When his body was found hanging by the ceiling of an abandoned house, they caned him with guava branches before taking him down. Well, yes, they thoroughly wacked a dead man. Probably to confirm whether there was still any residue of life lingering between the abyss of his being and death. What you will read next is what most contemporary people and infact millennials would call crazy. Actually, “Crazy sh*t!” Just to be accurate. They slaughtered a chicken and let the ground beneath him drink its blood. Then they took him down.
I’m glad to announce mjango, there’s more!
Last Sunday I left the comfort of our digs for my cousin’s place. Okay they are distant cousins and good friends too. The younger girl just turned 18 and the best birthday gift is not to miss the birthday party. It is through them that I met Saji. Him and my elder cousin are two in one. Amen? He’s a good man. First time I met him I was intimidated by how able-bodied he looks. You might understand why considering that the heaviest thing I have lifted for months is a bale of baking flour today actually, when I’m writing this. All I do is carry heavy ideas and thoughts.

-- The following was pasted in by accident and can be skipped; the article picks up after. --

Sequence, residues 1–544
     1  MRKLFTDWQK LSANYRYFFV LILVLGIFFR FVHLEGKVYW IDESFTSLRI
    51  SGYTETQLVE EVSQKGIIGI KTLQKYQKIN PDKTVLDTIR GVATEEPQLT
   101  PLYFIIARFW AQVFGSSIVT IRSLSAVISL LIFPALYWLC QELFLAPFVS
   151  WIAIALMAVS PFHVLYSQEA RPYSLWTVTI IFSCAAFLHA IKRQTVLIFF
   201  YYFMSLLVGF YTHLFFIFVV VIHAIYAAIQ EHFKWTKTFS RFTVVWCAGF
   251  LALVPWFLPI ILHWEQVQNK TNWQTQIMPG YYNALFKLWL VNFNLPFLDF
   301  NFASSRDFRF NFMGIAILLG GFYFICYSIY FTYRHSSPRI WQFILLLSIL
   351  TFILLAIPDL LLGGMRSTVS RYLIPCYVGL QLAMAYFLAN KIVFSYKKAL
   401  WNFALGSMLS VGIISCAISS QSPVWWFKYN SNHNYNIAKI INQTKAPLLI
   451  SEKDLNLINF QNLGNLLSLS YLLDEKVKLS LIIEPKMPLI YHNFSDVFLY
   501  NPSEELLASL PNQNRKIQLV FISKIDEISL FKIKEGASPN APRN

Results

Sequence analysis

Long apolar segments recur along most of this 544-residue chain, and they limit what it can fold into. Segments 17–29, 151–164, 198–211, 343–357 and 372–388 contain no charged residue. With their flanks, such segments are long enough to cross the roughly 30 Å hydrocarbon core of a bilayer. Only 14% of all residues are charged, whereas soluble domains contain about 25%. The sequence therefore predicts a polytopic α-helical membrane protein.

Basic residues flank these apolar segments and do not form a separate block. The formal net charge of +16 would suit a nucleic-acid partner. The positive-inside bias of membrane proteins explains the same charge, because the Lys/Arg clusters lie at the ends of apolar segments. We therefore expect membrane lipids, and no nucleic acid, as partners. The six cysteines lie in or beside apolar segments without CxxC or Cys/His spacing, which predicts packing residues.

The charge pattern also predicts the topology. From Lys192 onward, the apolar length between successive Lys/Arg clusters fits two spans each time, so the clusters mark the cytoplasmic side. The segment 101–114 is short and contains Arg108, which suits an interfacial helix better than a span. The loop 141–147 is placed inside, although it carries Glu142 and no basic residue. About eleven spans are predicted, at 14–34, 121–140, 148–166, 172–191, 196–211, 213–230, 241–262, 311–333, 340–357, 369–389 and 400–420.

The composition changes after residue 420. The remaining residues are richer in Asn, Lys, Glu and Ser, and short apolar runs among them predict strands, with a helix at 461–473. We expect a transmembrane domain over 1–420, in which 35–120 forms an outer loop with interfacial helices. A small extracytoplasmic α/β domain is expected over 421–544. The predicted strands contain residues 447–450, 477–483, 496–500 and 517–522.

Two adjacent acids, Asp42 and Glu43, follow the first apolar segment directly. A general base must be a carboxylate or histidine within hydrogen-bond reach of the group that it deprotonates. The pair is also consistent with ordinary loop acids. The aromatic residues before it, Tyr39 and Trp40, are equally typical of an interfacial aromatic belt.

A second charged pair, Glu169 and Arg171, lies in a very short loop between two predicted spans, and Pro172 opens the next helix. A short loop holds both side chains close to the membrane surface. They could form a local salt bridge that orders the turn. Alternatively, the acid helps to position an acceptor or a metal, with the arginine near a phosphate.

Anyway, after the party while the birthday girl and her peers went on a birthday baptism spree outside, the older boys sat on the couch while Athletico Madrid playing against Athletico something on the screen. The conversation caught fire by the tail when it steered towards how his cousin took away his own life. He was a young surgeon in Pwani Hospital. He scored an A in his secondary education that earned him a ticket to pursue a medical course.
He was a hard drugs addict. Money wasn’t a problem for him. Nothing really was. If at all there was anyway, nobody really knew because he kept things to himself. He was the kind of guy you’d spend time with, story tell and laugh with from alveoli to alveoli but you’d never tell that he was troubled.
“If you’d go to him and tell him that you’re thinking of taking away your own life, he’d tell you you’re foolish.” He said.
“He always talked like he was above his problems. That he could handle anything that came his way. Like a god. His family looked up to him so much. He was highly esteemed in their community back at home.”